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Posted: December 31, 2007

Practical Caregiving

Taking Away the Keys

The winter holidays can be so wonderful, but unfortunately that’s not always the case, especially for caregivers. Sometimes the situation with our loved one is very difficult to deal with, but what better present can you give your loved one than to make sure they and others are safe.

That’s what Wendy in Chicago is trying to deal with trying to keep her aged father safe. Read what Wendy shared with me through email.


Dear Jean:

My 90-year-old father moved in with my husband and me until an assisted living facility in our town has a vacancy. He needs to renew his driver’s license, but he has macular degeneration in one eye and it is getting worse. Frankly, I hope he fails his eye test so they will not renew his license.

He believes he is able to drive safely, but that’s not the case. In the last two months, he has been in several accidents and hit the side of the garage a couple times, knocking off the side mirror. Last week, he was in two accidents in one day!

I know he is very afraid of losing his independence, but he does not understand what a danger his driving is. He has heart problems, high blood pressure, and other things.

I told him we would no longer ride in the car with him driving, and that we would drive him where he wants to go. He says he has to drive to doctor appointments and other places. He adamantly tells us he is capable of driving safely and that he does not take chances.

Any suggestions? He is still pretty sharp, so hiding the keys would really aggravate him.

Wendy K., Chicago, Illinois

Dear Wendy:

Your father’s driving is dangerous and simply needs to be stopped, and stopped now. In addition to the risk to your father, you would feel horrible if he hit someone and they died or had a disability that lasted the rest of their life. Every time I hear of an elderly person driving into a group of people, or some similar incident, I always hear the comment in the news and from friends, "Where was his family? Why didn't they stop him from driving?" You are his family, and this is your responsibility.

There are times like this when you, as family, need to step in to take care of your father, regardless of whether he understands and agrees with it. This is necessary when he does things that are a danger to other people or himself. It’s clear that he is at that point. It is not optional. You have to stop his driving.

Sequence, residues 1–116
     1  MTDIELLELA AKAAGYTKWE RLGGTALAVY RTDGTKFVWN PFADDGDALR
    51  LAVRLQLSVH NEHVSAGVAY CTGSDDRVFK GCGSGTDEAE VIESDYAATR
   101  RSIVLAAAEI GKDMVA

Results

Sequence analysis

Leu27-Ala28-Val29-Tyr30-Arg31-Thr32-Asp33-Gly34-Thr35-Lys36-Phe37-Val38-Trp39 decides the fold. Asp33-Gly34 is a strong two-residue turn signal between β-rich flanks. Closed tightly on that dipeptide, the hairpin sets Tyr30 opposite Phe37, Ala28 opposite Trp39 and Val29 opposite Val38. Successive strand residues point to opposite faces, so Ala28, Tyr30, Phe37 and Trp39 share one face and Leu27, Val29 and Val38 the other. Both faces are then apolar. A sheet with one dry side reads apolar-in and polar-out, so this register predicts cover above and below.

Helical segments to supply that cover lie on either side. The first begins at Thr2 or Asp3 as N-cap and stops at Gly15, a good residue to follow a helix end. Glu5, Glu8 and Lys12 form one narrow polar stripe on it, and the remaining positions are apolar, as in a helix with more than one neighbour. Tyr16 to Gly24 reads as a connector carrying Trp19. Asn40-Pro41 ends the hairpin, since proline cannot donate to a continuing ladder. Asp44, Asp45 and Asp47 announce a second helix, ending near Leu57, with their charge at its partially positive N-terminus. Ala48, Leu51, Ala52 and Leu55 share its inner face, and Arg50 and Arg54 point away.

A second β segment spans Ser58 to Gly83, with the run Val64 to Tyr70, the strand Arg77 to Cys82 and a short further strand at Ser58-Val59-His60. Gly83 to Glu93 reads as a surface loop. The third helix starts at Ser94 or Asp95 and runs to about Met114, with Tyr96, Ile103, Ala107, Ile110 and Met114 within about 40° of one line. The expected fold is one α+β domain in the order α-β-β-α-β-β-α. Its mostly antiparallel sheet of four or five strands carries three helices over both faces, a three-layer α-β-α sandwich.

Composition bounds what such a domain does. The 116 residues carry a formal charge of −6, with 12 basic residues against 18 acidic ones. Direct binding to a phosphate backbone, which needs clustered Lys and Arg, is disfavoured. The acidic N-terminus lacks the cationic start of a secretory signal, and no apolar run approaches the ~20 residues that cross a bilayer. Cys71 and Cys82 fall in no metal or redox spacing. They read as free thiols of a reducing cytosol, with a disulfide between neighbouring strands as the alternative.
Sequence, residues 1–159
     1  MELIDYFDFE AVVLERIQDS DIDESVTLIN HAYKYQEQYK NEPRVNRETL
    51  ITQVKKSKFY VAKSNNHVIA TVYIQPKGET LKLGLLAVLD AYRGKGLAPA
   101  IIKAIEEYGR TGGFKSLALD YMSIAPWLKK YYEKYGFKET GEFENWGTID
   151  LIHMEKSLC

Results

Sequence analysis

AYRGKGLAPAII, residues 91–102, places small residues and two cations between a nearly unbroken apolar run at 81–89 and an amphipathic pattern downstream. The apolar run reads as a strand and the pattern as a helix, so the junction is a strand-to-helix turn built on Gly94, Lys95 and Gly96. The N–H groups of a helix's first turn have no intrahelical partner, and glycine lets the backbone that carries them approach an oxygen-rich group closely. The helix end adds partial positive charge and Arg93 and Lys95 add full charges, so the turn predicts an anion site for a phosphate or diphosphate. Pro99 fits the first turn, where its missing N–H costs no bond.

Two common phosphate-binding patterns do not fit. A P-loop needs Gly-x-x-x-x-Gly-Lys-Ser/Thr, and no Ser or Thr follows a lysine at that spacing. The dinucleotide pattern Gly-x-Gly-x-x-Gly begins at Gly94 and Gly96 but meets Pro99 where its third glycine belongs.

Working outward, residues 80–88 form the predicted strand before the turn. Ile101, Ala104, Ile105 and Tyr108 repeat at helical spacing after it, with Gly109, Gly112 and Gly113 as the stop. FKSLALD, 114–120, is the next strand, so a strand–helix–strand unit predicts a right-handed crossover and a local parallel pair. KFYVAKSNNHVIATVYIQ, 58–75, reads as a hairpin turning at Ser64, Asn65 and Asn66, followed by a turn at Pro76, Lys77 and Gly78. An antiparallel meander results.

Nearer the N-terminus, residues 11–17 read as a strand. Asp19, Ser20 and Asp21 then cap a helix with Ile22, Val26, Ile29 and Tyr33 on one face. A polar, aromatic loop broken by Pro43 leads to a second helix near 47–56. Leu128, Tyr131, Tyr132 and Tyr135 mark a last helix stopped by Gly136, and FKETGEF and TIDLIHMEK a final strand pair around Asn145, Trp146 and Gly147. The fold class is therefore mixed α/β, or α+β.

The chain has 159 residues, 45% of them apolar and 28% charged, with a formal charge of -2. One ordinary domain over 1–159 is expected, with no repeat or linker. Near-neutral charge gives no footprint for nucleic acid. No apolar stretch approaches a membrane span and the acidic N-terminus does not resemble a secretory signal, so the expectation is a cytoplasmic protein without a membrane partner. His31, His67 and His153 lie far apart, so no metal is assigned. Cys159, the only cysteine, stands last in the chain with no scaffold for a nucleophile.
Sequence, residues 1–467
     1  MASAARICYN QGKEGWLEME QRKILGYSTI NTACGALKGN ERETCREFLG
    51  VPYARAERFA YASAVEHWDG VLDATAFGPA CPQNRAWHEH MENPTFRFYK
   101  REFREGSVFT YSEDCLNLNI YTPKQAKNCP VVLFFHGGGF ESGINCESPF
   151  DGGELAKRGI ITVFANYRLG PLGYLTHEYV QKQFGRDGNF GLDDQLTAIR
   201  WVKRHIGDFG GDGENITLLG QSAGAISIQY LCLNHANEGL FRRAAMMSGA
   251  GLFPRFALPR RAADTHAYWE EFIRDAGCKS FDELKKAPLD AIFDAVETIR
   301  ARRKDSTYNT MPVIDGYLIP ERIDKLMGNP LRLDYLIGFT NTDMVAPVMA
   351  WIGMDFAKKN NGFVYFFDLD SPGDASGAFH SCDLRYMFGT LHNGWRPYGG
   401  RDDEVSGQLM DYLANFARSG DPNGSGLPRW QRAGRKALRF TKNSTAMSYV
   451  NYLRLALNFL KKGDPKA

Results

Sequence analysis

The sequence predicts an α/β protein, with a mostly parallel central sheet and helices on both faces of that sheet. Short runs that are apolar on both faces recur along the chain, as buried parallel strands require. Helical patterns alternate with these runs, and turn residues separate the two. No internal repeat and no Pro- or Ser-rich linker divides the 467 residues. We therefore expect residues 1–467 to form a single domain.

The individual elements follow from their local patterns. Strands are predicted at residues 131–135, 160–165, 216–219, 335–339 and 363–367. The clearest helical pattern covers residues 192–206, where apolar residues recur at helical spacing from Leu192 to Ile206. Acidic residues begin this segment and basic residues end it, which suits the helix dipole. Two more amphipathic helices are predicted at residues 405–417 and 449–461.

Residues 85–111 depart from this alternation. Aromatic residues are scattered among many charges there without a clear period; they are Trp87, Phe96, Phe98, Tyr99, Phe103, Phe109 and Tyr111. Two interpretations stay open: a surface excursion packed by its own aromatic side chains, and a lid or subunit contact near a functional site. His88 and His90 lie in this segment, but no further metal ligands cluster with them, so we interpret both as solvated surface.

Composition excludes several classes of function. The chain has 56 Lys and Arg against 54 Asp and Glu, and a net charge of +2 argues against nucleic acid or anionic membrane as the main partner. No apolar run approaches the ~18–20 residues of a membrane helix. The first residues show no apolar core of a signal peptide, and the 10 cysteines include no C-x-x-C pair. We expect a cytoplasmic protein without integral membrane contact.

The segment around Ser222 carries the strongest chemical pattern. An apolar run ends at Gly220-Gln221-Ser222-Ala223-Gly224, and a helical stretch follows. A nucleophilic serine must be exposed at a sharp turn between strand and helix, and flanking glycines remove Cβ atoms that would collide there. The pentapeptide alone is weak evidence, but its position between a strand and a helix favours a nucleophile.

Of course, when he gets into assisted living, he won't need to drive any longer; they will provide transportation.

Why don't you and your husband sit down and have a talk with him? Explain how dangerous his driving is to himself and other people. Ask him how he would feel if someone got badly hurt. How would he feel if he broke his back (or something else) and couldn't do anything that he wanted to do? Then, give him some alternatives. Explain that he will still be able to get around and do what he wants to do -- he just won't be driving. There are other ways to get around.

Also, tell him how much you enjoy having him in your home and want him live close to you. Explain that the situation is frustrating for all of you, but that you love him very much.

Has he had a good eye exam lately? You can talk to his doctor before the appointment and ask him to evaluate his ability to see well enough to drive.

What about a physical exam? Has he had a complete exam recently? It is possible there is something else going on that has developed since his last exam, or something that has gotten worse, contributing to his accident-prone driving.

Find alternatives for him to get where he wants to go. There are public buses and services for the handicapped, which he is not, but they do provide rides for people who can't drive any longer. Call the public transportation company in your area and ask what is available. Also ask if there is something else available through private pay. He can always call a cab, but that does get a little expensive. Try various ways of transportation with him instead of sending him alone. Or, is there someone else he can ride with to the various places he wants to go to?

Call the department of transportation and ask how to handle the situation with his license. They may help.

If nothing else works, you can always have someone disable his car so it won't start. They just need to unhook something, not damage the engine. Later, when you feel it is safe or you want to sell the car, they can undo what they did.

Good luck. This is such an important time for you to step in firmly to protect your father from himself, and others from him also. It is very difficult for you, but you don’t have any choice. You have to do it.


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Commercial use, redistribution or other forms of reuse of this information is strictly prohibited without the prior written permission of Pederson Publishing.

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